Ariel Pink's Haunted Graffiti - Mature Themes

Even though I’ve been aware of him since The Doldrums — or at least since Paw Tracks reissued that release in 2004 — I’ve never quite figured out what Ariel Pink’s deal is. On one hand, he’s got a glaringly obvious acumen for sophisticated pop songcraft, something that’s becoming even more visible as he moves even deeper into the polished, professional recordings well documented on Before Today, and he’s always been the super-outsider cherished and name-checked by super-insiders. On the other, he’s an artist who’s one of those artist who can rip a hole in a slow news cycle with a bizarre stage meltdown or a strange, off-color pullquote. Though Before Today fragmented Pink’s fanbase — many still prefer the beat-up-sounding, homemade, R. Stevie Moore-informed recordings of The Doldrums and Worn Copy — and on Mature Themes, Pink fleshes out his sound even further on a batch of originals, his first new writing in five years (Before Today was composed mostly of old material, re-recorded with Pink’s taut Haunted Graffiti, a band he recruited via tryouts). As someone who sees what there is to like in both of these Ariel eras, I feel confident in saying that Mature Themes is the best thing Pink has ever done, a record full of the characteristic darkness and jarring weirdness (one song features Pink ordering at the drive thru window of a Wienerschnitzel) that earned Pink attention in the first place and inspired a legion of copycats. Ironically, you might have to listen even harder for it than ever.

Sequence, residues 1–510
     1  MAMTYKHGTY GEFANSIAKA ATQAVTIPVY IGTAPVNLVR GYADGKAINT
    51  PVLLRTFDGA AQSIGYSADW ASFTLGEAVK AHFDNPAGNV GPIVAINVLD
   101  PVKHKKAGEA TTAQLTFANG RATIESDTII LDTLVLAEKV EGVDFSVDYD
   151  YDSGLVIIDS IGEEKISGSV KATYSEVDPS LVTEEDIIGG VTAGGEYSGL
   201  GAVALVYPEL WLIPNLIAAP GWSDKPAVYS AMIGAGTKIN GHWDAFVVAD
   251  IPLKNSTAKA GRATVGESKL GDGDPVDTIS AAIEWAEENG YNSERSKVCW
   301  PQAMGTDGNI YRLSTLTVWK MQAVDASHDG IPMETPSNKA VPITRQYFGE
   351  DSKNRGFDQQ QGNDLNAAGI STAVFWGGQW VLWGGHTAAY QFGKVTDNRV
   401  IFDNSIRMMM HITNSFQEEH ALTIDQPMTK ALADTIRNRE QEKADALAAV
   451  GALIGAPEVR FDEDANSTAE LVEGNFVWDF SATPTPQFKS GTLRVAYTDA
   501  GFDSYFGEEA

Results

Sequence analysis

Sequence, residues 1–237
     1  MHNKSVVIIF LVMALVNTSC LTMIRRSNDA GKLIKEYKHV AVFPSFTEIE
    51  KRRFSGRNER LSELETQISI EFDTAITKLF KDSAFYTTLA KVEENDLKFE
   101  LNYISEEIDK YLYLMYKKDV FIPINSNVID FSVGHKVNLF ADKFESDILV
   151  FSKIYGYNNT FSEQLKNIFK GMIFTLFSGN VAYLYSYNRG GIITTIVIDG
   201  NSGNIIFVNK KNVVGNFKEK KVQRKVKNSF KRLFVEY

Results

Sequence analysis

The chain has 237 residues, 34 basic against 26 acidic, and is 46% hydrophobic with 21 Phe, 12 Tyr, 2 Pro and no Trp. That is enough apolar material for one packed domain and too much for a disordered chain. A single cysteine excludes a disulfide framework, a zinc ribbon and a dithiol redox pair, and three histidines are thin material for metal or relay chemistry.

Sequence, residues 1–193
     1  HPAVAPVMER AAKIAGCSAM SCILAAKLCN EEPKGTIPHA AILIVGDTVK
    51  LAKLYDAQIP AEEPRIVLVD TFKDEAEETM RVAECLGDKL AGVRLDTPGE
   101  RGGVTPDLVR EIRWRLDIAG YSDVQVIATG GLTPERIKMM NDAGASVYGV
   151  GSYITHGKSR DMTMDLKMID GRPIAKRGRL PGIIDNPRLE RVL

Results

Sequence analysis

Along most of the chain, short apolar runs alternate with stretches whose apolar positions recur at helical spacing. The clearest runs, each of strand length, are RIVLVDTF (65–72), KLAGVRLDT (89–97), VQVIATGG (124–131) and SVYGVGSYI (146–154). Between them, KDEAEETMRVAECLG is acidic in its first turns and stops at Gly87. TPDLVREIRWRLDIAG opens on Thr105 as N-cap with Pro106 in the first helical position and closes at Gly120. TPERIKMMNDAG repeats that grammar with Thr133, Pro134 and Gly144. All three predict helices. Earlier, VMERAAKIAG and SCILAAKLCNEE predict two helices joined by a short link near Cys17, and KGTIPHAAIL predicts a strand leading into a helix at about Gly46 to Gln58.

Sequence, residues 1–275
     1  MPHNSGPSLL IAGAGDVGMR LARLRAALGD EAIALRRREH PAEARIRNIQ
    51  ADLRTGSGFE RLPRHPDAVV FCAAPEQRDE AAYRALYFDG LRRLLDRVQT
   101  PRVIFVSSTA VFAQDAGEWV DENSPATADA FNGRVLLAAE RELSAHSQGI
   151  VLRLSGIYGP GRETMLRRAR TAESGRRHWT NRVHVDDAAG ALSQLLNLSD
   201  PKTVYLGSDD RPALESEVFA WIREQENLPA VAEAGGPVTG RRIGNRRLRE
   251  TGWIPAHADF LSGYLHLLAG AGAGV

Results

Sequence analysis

On Mature Themes, Pink doesn’t doesn’t wait to get into his weird, violent imagery; “A Kinski assassin / Blew a hole in my chest,” begins “Kinski Assassin.” He doesn’t hold off, either; “My name is Ariel / And I’m a nympho,” he chants on the tongue-in-cheek “Symphony Of The Nymph.” Much of the music on Mature Themes sensibly combines the widening grab-bag of styles that Pink weaponizes, at once his take on radio pop (“Only In My Dreams“), AM radio (“Mature Themes”), polka, chillwave (which he claims he invented, “Nostradamus & Me”) weird carnival music that’s sounds like electronic version of something you’d hear at a Renaissance Festival (“Is This The Best Spot?”), but somehow, it’s never gets grating or tiresome. Nothing gets me closer to figuring it out, but that challenge is compelling, and Mature Themes, like Before Today, still conjures that kind of puzzle, even if you don’t have to imagine the shapes of the songs as much as you had to when Pink’s stuff sounded like it was recorded on a Yak Bak. With respect to “Only In My Dreams,” there’s probably nothing as engaging as Before Today’s “Round And Round” on Mature Themes. And it’s probably better off for it.